Science and the Earth


We are earthlings born of stardust.  The hydrogen atoms that make up about ten per cent of our bodies by weight were made in the Big Bang about fourteen billion years ago, as were traces of helium, lithium and beryllium.  But the oxygen, carbon, nitrogen and other atoms of our bodies formed later from hydrogen and helium as these ingredients and their fusion products stewed at high temperatures deep inside stars.   Later ejected from such stellar pressure cookers, some of these atoms linked to form molecules or tiny crystals and became part of the solar nebula that gave birth to the earth around 4.6 billion years ago.

These space molecules included several carbon-based molecules such as the amino acid glycine (above) which are among the building blocks of life.  So our first living ancestors may have been space travellers, brought to earth not in alien spacecraft but in comets or meteorites.   Whether they came from space, first evolved on another planet such as Mars, or originated in aqueous earthly environments like terrestrial or submarine hot springs, by around two billion years ago some of our earliest single-cell water-dwelling ancestors had banded together to form eukaryotic cells with organelles and nuclei.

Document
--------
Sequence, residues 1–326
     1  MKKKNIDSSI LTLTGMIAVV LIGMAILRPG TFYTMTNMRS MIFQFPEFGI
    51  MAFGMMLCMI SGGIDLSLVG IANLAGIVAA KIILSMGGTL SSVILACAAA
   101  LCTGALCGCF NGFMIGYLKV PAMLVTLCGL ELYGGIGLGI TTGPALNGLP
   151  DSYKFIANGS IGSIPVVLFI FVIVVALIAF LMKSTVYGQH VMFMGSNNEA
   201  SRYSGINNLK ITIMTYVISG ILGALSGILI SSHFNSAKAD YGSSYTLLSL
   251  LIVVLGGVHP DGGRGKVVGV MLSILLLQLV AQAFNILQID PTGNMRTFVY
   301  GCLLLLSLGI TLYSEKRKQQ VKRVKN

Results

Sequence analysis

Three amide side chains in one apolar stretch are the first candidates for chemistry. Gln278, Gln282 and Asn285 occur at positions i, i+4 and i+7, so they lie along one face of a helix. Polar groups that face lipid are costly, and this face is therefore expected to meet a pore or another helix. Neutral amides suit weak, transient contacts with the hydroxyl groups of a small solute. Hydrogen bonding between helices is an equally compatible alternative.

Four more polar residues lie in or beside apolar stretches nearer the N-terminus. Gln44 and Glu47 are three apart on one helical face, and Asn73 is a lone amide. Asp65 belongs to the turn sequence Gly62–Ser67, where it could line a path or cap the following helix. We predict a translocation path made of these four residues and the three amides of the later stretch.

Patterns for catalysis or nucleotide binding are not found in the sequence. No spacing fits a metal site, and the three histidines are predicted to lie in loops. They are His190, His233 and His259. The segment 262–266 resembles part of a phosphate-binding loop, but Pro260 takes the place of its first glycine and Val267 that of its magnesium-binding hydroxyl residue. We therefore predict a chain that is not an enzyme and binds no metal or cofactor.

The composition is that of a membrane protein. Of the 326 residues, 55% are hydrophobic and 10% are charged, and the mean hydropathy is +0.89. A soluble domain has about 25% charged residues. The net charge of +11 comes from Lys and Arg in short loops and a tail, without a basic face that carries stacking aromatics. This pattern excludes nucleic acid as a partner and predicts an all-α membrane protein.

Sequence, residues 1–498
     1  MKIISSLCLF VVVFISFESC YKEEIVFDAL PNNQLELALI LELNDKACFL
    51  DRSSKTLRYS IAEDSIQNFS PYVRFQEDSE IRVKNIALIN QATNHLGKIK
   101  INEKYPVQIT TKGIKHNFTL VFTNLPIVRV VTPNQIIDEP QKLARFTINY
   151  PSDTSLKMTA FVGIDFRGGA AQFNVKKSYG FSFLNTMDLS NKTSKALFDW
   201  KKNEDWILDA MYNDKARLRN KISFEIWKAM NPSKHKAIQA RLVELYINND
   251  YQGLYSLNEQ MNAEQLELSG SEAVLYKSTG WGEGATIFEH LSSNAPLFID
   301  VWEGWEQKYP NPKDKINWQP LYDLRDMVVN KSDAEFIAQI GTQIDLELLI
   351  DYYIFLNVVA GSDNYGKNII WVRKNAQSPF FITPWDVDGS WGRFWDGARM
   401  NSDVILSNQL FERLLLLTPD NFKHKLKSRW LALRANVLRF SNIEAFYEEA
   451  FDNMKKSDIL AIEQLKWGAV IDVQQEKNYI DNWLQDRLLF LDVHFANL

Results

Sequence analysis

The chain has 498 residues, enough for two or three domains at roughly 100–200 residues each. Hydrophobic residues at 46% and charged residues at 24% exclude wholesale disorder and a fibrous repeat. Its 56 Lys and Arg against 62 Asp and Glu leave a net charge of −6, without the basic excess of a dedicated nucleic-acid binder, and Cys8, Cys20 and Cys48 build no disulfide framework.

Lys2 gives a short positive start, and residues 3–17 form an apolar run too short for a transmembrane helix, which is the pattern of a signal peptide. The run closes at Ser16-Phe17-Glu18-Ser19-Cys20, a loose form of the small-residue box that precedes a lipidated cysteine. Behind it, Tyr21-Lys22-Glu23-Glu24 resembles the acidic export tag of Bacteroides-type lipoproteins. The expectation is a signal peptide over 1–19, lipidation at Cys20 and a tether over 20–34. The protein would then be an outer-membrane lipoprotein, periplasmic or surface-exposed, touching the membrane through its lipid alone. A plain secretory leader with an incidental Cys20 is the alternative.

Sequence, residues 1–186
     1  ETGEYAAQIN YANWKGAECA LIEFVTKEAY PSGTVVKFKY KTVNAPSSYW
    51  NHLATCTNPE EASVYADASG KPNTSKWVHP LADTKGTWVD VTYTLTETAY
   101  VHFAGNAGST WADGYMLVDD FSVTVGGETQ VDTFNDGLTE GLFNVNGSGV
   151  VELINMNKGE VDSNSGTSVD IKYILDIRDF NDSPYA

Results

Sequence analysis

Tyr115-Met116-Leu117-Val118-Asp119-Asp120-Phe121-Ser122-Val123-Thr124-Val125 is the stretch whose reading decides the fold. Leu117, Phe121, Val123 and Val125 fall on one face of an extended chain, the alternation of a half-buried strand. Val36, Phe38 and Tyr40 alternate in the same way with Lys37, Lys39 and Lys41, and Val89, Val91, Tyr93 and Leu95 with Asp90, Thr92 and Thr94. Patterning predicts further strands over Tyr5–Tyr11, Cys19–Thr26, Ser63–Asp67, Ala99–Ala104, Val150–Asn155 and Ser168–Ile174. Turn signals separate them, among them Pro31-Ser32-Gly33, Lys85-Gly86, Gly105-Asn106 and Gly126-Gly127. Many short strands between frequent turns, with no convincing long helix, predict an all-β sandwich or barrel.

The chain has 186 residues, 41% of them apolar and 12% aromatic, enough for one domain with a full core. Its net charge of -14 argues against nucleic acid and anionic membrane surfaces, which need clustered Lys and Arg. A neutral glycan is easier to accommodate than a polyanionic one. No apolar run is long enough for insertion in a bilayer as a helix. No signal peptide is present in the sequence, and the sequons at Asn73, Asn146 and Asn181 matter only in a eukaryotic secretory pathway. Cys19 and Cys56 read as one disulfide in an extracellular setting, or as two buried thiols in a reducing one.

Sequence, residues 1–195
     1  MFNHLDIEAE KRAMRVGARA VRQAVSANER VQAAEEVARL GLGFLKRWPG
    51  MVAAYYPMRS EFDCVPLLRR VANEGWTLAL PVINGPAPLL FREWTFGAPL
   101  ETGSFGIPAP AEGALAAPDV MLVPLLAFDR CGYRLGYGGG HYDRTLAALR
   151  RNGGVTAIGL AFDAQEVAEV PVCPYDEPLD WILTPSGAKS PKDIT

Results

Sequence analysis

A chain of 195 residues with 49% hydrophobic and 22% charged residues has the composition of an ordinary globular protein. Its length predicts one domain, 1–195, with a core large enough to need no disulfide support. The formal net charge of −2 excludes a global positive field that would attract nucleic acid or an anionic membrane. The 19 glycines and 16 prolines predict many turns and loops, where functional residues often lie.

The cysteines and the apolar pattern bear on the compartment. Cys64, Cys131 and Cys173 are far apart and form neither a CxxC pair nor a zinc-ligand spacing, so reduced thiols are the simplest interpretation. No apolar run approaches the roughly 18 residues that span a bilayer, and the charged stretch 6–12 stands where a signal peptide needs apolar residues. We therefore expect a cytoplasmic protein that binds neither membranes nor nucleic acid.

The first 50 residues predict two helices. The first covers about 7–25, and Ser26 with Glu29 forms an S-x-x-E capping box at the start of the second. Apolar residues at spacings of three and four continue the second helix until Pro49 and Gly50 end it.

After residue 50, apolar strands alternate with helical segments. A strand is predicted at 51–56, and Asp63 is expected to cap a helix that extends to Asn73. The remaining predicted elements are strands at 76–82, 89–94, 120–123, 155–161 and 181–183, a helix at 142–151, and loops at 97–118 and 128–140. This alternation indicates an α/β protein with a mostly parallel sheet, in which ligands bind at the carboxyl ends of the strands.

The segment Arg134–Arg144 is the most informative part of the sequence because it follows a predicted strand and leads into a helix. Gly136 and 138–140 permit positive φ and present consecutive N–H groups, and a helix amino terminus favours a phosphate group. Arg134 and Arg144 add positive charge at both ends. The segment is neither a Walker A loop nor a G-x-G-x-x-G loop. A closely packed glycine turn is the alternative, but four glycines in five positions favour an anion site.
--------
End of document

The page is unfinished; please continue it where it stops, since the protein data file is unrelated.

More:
Our planet hasn't always remained friendly to life.  Many times in the past - for example around 300, 65 and 55 million years ago - events such as massive volcanic activity, impacts of asteroid-sized bodies and oceanic methane bursts have triggered rapid changes in the earth's climate system.  These climatic disasters have typically involved the rapid release of warming greenhouse gases.  Some of them have led to mass extinctions of species.  

Mount Pinatubo, Philippines, erupted in June, 1991, injecting sulphate aerosols into the upper atmosphere and temporarily cooling Earth’s climate.

Courtesy U.S. Geological Survey

Glycine, NH2CH2COOH.

Courtesy: Benjah-Bmm27 and Wikipedia

NGC 2392, the Eskimo Nebula in Gemini.  This glowing shell of ionised gas includes atoms such as carbon, nitrogen, oxygen and silicon made by fusion from hydrogen and helium deep inside the central star.  Many off the Earth’s heavier atoms, including most of those in our own bodies, apart from hydrogen, were made in this way.

Hubble Space telescope,

Courtesy NASA/ESA